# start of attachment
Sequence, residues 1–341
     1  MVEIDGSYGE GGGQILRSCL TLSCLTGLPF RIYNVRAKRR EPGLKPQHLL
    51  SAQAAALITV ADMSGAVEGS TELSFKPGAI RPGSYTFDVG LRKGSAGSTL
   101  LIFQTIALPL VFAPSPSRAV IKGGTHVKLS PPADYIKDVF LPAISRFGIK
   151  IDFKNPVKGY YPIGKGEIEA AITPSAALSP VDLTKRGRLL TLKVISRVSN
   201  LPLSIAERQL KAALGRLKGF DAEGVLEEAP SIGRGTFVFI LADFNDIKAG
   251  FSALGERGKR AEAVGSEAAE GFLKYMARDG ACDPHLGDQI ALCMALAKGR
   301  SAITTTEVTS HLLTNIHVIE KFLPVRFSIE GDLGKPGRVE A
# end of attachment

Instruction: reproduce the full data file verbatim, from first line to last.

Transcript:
Sequence, residues 1–341
     1  MVEIDGSYGE GGGQILRSCL TLSCLTGLPF RIYNVRAKRR EPGLKPQHLL
    51  SAQAAALITV ADMSGAVEGS TELSFKPGAI RPGSYTFDVG LRKGSAGSTL
   101  LIFQTIALPL VFAPSPSRAV IKGGTHVKLS PPADYIKDVF LPAISRFGIK
   151  IDFKNPVKGY YPIGKGEIEA AITPSAALSP VDLTKRGRLL TLKVISRVSN
   201  LPLSIAERQL KAALGRLKGF DAEGVLEEAP SIGRGTFVFI LADFNDIKAG
   251  FSALGERGKR AEAVGSEAAE GFLKYMARDG ACDPHLGDQI ALCMALAKGR
   301  SAITTTEVTS HLLTNIHVIE KFLPVRFSIE GDLGKPGRVE A